An Overview of the Incident Response Process
Contrary to public perception, incident response is a process and not a one-off event. For incident response to be truly successful, teams have to use an integrated and organized method to tackle any incident.
Here are the five important steps of an effective incident response program:
Companies – Getting Started & Next Steps
Preparation is the core of every incident response that works. Even the best people cannot effectively tackle an incident if there are no predetermined guidelines. A solid plan to support the team is a must. To successfully address security events, this plan should include four elements: IR policy development and documentation, communication guidelines, threat intelligence feeds, and cyber hunting exercises.
A Simple Plan: Professionals
Detection and Reporting
This part is concerned with monitoring security events for detecting, alerting and reporting foreseen security incidents.
* Security event monitoring is possible with the help of intrusion prevention systems, firewalls, and data loss control measures.
* Potential security incident detection can be done through the correlation of alerts in a Security Information and Event Management (SIEM) system.
* Before alerts are issued, analysts create an incident ticket, present initial findings, and lay down a preliminary incident classification.
* When reporting, there must be room for regulatory reporting escalations.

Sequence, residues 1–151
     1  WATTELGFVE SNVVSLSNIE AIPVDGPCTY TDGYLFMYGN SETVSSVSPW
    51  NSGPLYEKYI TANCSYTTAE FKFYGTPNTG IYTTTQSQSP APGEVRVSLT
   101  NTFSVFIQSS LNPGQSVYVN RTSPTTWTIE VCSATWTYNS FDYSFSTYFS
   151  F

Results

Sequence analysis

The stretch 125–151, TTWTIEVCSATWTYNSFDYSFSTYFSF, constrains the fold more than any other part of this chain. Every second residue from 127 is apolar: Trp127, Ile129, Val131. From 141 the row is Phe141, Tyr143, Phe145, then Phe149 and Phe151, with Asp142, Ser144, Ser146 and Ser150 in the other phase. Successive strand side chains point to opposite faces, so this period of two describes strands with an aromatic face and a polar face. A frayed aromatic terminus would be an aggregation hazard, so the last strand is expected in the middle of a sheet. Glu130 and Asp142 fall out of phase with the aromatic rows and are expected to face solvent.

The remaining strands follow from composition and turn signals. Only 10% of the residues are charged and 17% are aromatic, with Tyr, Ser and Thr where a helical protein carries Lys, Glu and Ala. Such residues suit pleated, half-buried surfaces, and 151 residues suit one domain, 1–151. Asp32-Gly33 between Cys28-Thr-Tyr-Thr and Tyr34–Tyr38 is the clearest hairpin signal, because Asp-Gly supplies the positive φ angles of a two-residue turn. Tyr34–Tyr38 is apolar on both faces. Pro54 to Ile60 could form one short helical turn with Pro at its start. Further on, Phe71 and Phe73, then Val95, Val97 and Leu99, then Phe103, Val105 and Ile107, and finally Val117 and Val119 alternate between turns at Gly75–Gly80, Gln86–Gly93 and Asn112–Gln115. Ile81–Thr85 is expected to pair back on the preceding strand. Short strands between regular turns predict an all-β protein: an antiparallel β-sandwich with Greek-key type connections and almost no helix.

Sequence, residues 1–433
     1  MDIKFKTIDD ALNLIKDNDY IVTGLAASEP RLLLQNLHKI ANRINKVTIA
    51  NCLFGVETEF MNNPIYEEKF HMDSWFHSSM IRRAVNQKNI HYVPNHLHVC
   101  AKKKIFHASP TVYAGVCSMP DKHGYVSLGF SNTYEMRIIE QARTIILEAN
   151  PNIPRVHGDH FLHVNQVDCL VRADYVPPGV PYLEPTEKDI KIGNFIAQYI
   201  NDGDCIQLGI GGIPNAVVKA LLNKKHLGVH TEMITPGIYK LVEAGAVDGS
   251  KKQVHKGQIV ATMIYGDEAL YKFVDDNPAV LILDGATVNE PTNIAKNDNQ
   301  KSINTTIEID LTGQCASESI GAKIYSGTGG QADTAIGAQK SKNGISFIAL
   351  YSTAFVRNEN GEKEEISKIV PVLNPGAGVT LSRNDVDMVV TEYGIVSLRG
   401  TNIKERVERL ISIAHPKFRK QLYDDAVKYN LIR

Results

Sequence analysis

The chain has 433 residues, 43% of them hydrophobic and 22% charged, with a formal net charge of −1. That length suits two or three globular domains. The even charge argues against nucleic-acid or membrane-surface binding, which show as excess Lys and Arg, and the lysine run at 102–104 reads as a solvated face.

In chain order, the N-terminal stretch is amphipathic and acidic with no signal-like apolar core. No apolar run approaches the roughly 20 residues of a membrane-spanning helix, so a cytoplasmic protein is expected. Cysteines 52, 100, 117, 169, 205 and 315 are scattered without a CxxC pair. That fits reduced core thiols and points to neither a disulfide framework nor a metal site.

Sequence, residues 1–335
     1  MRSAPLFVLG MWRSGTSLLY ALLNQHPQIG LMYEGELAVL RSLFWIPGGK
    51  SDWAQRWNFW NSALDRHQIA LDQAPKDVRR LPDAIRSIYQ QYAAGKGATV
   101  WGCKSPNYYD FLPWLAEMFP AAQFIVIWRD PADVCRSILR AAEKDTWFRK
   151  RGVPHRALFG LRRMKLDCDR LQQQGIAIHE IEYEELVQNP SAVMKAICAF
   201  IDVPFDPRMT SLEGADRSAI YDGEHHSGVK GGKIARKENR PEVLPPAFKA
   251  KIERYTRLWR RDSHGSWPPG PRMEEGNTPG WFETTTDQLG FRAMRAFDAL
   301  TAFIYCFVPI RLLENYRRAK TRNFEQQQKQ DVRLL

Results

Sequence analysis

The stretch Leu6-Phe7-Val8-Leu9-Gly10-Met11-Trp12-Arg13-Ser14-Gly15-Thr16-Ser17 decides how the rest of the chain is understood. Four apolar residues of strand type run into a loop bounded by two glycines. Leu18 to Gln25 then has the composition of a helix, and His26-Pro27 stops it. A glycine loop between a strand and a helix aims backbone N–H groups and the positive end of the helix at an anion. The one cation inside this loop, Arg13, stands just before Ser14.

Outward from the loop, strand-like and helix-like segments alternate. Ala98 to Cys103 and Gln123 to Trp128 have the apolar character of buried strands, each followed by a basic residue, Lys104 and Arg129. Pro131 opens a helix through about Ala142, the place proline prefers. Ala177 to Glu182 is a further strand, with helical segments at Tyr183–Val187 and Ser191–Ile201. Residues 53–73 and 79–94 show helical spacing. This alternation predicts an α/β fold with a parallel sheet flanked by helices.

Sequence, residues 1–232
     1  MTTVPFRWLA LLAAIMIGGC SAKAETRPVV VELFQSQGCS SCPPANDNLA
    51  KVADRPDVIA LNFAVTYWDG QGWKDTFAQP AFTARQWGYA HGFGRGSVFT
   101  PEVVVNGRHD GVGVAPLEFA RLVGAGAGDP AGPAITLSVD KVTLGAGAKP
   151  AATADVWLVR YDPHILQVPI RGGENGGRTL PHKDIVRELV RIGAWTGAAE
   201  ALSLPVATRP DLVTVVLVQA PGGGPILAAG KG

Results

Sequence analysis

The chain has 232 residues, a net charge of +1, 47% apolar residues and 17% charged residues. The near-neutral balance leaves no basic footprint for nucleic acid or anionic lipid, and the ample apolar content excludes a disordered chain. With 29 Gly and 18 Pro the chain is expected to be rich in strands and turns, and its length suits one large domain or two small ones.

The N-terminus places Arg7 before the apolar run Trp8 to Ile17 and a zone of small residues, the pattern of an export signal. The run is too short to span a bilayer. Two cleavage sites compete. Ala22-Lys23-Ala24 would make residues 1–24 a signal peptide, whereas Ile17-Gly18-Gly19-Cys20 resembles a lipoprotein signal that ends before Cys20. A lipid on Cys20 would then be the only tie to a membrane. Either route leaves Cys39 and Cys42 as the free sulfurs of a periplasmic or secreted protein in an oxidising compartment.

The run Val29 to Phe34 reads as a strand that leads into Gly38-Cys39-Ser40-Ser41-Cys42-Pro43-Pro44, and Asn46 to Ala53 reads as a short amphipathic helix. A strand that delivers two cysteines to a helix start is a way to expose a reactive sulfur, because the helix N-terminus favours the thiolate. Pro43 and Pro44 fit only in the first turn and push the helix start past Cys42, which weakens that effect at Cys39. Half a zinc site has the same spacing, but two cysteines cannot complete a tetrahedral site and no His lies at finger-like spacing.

Triage and Analysis
This is where most of the effort in correctly scoping and understanding the security incident occurs. Resources have to be utilized for the collection of data from tools and systems for more extensive analysis, as well as to find indicators of compromise. People must be knowledgeable and skilled in live memory and malware analysis, digital forensic and live system responses.
As evidence is gathered, analysts must concentrate focus on three main areas:
a. Endpoint Analysis
> Know the tracks left by the threat actor
> Obtain artifacts to create activity timeline
> Conduct a forensic analysis of a detailed copy of systems, and have RAM scan through and point to key artifacts to know what transpired on a device
b. Binary Analysis
> Check dubious binaries or tools the attacker used and document those programs’ functionalities.
> Go through presently used systems and event log technologies and determine the extent of compromise.
> Document all machines, accounts, etc. that may have been compromised for damage containment and neutralization.
Containment and Neutralization
This counts as one of the most vital phases of incident response. Containment and neutralization is based on the intelligence and compromise indicators found in the analysis stage. After system restoration and security verification, normal operations can continue.
Even after the incident is resolved, more work must be done. All information useful in the prevention of similar problems in the future should be documented. This step can be divided into the following:
> completion of incident report for the improvement of the incident response plan and prevention of similar security problems in the future
> ponst-incident monitoring to stop the reappearance of the threat actors
> intelligence feed updates
> identifying preventative measures> identifying preventative techniques
> improving internal coordination in the organization to implement new security measures properly